3. Preservation to Scale

Speaking of which brings me to my third theme for the future: bringing preservation to scale. There’s so much good work being done to save important places, but there’re also many opportunities that are left unrealized due to lack of funding or vision. We have room to grow.

Our Research and Policy Lab has found that, while many of America’s most prominent cities are primarily composed of old and historic buildings, only a handful of these, statistically speaking, are protected by any kind of designation. In Los Angeles, nearly 40 percent of the city’s buildings date to before World War II—but, as of 2014, fewer than 3 percent were locally designated. In Chicago, 5 to 6 percent. In Philadelphia, only around 2 percent. And here in San Francisco, roughly two-thirds of the city’s buildings are prewar—which is remarkable, given the city was rebuilt after the 1906 earthquake. But, again, only around 2 percent of those buildings are designated as historic. Similar percentages can be found in many other American cities, So there are plenty of opportunities out there to scale our work up—beyond individual buildings to blocks and entire neighborhoods. Screen_Shot_2018-11-06_at_9_02_22_AM.png

Cities like Los Angeles and Philadelphia have taken major steps in recent years to allow for more preservation projects, and their downtowns have flourished as a result. In L.A. a partnership in 2000 between neighborhood groups, city leaders, developers, and preservationists, led by the L.A. Conservancy, resulted in a new Adaptive Reuse Ordinance that made it easier to reuse the older buildings downtown. It removed regulatory barriers like burdensome parking requirements and made it possible to repurpose historic buildings as apartments, lofts, and hotels—many of which had been vacant for decades. As a result, the population of downtown L.A. tripled, and it is now a thriving residential and commercial hub with an astonishing 14,000 new housing units in older buildings.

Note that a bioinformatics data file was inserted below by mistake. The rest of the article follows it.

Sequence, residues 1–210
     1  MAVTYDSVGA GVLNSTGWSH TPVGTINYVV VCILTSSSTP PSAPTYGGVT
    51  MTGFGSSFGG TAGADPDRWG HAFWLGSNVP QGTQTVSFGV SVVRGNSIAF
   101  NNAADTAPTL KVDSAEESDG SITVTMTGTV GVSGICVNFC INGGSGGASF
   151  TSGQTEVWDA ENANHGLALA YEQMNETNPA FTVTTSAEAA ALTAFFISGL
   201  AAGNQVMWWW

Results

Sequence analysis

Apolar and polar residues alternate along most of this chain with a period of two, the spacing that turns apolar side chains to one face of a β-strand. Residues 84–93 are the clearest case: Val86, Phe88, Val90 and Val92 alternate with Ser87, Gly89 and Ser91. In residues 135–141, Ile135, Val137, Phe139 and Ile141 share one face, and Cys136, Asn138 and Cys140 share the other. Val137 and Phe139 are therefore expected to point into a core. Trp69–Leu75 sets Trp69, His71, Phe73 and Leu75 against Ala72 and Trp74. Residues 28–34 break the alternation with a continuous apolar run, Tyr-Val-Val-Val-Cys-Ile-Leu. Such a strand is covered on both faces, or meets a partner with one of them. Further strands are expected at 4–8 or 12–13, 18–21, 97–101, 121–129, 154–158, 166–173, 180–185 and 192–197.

Philly is working on its own adaptive reuse ordinance now and has taken other important steps to encourage street life and vitality in its historic districts. For example, around the same time Los Angeles was making it easier to reuse older buildings, Philadelphia passed an ordinance that made it easier for restaurants and cafes to offer outdoor sidewalk seating. As a result, between 2001 and last year, their outdoor seating grew by a whopping 439 percent! 

So there are opportunities to see more buildings reused and to bring more life to our historic downtowns. Of course, to accomplish that, we will need to embrace new partners and dive into more projects. The key to that is to work with more city officials, local advocates, developers, and property owners to modernize regulations, lift barriers, and make it easier to breathe new life into older buildings. 


I’d also like to propose we work to get a historic tax credit in every state in America and seek out creative new sources of capital and investment to support preservation projects. For example, Opportunity Zones, created in last year’s tax overhaul to boost community reinvestment, could be a game-changer for our work, so long as we make the compelling case for saving and reusing historic resources in them. The important thing, to quote a famous San Franciscan, is to “think different!” 

This past August, I was proud to be part of the grand reopening of a project not far from here, the historic Cooper-Molera Adobe in Monterey, California. Cooper-Molera has been one of our National Trust sites since 1972, and even a decade before that it was identified as a critical anchor to a more cohesive downtown Monterey. 

Our friends at California State Parks and the Monterey State Park Association did an exemplary job of keeping the history and diverse culture of 19th-century California alive at the site. But it also cried out for adaptive reuse. Over the years, the 2.5-acre property has been a dance school, a beauty salon, a tavern, and a meeting place for the Boys Club of Monterey—although, I hasten to add, not at the same time! That is why, after much discussion with the local community, we pushed out of our comfort zone and developed a model for the site that we call “shared use.”

The revived Cooper-Molera now includes commercial and community-oriented uses such as an event space, restaurant, and retail outlet, along with bilingual exhibits about life in 19th-century California. We could never have ensured Cooper-Molera’s viability, let alone continued prosperity, without bringing multiple partners to the table, and saying “yes” to a dynamic new multi-use role for the building.

I especially want to recognize Doug Wiele and everyone at Foothill Partners for working with us, over seven years, to reimagine and re-envision the Cooper-Molera experience.

Now, Cooper-Molera’s story will be more broadly told. Its history can play a key role once again in downtown Monterey’s future. And we believe it can serve as an important model for some of the 15,000 house museums [that] may need a new vision of use for the next century.

4. Conservation and Climate Change 

Talking about new partners brings me to my fourth theme, and one that has always been dear to my heart: finding common cause with our friends in conservation.